The biggest Russian aerial bombardment of Kyiv saw at least 13 civilians injured, including one child, the state’s Emergency Services said on Facebook.

Four of the victims have been hospitalized, the Kyiv City Military Administration said separately on its Telegram channel.

“There are no deaths” as a result of the airborne attacks, the capital’s military administration added.

Air defenses intercepted all 31 projectiles that targeted the nation’s most populous city but falling debris caused damage to residential high-rise buildings that led to civilian injuries, an earlier Kyiv Post report said

They were concentrated in two of Kyiv’s 10 administrative districts: Svyatoshyn and Shevchenko.

Russia has fired more than 1,000 projectiles and drones at civilian targets since the beginning of March, Ukrainian President Volodymyr Zelensky said in a nightly address this week.

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“Every day and every night, Russia is waging a terrorist war against our people, against ordinary cities and villages of Ukraine, using drones, missiles, and guided bombs,” Zelensky said on Telegram.

Ukraine may be running short of air defense munitions, a Washington Post dispatch reported, citing Western officials on March 15. It stated that Kyiv will soon be able to shoot down only one of five missiles in the near future.

British Defense Intelligence said in a daily note on X (formerly Twitter) that a shortage of munitions for Ukrainian forces is likely making it difficult for them to hold positions.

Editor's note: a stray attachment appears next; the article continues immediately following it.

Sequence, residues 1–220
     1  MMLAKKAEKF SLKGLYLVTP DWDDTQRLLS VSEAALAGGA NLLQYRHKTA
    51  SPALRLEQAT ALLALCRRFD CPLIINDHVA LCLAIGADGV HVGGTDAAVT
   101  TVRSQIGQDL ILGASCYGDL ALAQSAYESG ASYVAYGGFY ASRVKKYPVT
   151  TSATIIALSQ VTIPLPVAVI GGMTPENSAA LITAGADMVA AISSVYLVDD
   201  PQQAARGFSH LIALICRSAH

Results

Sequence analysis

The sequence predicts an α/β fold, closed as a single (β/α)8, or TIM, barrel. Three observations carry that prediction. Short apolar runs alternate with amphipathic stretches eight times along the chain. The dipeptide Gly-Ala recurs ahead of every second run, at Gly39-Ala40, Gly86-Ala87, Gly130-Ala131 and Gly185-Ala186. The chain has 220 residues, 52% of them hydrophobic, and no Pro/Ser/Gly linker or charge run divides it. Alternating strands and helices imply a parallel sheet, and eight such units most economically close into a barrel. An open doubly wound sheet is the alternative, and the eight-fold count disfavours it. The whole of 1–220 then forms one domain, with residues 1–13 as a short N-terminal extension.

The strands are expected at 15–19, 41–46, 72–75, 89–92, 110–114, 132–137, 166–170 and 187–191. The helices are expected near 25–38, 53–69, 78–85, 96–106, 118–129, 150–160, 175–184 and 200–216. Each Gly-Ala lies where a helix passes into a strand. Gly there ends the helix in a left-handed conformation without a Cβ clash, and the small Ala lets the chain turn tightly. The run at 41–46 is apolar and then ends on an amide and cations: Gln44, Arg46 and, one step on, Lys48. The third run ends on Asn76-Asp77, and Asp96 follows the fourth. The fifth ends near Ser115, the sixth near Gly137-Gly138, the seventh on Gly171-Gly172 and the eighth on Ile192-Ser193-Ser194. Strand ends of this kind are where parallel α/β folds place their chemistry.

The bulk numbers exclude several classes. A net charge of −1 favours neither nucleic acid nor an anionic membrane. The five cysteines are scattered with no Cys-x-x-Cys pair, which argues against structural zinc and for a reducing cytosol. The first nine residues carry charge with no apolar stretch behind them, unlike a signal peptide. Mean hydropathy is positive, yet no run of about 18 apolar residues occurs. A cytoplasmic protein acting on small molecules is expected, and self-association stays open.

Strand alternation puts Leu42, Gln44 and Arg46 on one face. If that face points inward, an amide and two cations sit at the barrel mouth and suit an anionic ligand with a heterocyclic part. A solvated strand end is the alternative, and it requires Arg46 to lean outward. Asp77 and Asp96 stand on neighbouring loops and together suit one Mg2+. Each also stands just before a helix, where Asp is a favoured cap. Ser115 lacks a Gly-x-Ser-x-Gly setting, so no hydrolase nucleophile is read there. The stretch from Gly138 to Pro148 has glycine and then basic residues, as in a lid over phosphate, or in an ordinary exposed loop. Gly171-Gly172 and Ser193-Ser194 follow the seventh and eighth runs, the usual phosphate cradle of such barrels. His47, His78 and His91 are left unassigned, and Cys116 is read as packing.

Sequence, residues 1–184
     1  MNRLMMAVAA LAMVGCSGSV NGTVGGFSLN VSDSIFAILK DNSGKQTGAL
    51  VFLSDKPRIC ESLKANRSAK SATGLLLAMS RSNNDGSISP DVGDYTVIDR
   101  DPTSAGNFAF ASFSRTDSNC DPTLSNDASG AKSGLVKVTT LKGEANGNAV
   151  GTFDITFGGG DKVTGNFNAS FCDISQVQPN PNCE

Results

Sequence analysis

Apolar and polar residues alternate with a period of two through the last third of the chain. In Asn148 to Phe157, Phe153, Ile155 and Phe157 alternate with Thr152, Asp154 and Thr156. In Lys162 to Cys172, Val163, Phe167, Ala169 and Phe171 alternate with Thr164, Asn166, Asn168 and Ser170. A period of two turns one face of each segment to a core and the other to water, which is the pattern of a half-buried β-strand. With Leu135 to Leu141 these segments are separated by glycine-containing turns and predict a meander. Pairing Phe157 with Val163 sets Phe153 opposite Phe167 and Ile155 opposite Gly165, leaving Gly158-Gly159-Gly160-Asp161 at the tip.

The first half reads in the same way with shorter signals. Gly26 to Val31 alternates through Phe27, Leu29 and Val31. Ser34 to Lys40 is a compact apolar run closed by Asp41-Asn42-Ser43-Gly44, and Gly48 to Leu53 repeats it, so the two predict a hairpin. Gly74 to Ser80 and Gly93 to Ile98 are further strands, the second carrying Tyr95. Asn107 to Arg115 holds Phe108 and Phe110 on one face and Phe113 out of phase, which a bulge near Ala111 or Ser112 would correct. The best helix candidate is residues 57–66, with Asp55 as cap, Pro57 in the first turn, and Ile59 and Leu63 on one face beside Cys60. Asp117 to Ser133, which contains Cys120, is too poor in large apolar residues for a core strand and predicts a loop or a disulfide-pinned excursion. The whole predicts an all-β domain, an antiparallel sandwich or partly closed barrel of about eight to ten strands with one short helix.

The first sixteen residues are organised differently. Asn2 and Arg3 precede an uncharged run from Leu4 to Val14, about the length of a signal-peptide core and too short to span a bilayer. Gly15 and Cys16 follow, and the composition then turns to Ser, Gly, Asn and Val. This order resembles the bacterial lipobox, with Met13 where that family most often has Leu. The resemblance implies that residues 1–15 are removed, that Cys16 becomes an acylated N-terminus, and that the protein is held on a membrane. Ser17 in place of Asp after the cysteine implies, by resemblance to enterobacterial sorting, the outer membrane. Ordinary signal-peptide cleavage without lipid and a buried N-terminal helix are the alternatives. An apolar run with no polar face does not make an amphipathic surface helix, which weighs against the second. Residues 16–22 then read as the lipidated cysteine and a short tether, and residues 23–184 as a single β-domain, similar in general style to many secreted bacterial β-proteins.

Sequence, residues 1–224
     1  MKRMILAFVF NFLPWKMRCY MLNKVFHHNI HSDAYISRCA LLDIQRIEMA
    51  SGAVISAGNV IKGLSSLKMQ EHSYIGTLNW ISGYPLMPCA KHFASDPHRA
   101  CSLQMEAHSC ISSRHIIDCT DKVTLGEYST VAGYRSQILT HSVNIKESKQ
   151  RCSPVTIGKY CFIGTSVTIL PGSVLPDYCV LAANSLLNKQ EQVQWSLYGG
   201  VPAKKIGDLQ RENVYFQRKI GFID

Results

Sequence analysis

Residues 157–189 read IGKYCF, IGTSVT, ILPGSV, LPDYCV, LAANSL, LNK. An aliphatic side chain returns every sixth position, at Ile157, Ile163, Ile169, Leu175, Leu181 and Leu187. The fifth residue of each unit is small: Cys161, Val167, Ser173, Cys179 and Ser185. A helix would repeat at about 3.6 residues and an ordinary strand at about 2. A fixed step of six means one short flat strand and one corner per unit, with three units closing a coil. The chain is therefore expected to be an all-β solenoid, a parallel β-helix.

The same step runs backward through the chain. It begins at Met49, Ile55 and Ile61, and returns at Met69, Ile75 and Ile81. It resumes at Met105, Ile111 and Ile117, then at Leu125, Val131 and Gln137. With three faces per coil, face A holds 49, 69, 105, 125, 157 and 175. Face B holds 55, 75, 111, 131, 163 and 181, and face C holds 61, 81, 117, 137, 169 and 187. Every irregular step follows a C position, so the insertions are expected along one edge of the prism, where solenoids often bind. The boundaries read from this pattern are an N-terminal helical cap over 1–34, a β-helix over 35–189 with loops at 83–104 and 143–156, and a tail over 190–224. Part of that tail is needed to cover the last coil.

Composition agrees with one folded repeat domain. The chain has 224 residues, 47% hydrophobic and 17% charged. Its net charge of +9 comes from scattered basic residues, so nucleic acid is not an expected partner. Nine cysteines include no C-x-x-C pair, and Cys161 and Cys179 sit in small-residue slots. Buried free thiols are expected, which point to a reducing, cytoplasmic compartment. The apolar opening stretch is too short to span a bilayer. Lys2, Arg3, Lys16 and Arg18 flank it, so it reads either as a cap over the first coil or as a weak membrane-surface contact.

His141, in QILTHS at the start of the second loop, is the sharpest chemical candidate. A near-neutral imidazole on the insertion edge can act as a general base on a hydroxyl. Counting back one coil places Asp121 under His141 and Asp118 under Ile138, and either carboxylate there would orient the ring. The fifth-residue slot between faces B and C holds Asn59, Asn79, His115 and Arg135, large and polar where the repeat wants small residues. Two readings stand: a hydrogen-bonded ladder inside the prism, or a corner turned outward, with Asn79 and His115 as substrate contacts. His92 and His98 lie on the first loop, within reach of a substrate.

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NATO Needs to Get its Act Together Now, Before it’s Too Late

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IMF gives green light for Kyiv to draw down more than $880 million

The International Monetary Fund (IMF) has approved the release of more than $880 million for Ukraine, following a third review of its current loan to the war-stricken country, the organization announced on Thursday.

The [Ukrainian] authorities continue to perform strongly under the Extended Fund Facility under challenging conditions, meeting all but one quantitative performance criteria for December, all structural benchmarks through February, and all indicative targets, the IMF said in a news release on Thursday.

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It noted that, despite Russia’s occupation of about 18 percent of sovereign Ukrainian territory and ongoing warfare, “the Ukrainian economy continued to show remarkable resilience.”

If future lending conditions are met, Kyiv will have access to $15.6 billion during a 48-month period that started last year.

“Russia’s invasion of Ukraine continues to bring enormous social and economic costs to Ukraine,” IMF managing director Kristalina Georgeva said.

She continued: “However, macroeconomic and financial stability has been preserved, reflecting skillful policymaking by the Ukrainian authorities as well as substantial external support. The economy has been resilient, with stronger-than-expected macroeconomic outturns in 2023. Ukraine’s performance and commitment under the program has continued to be strong.” 

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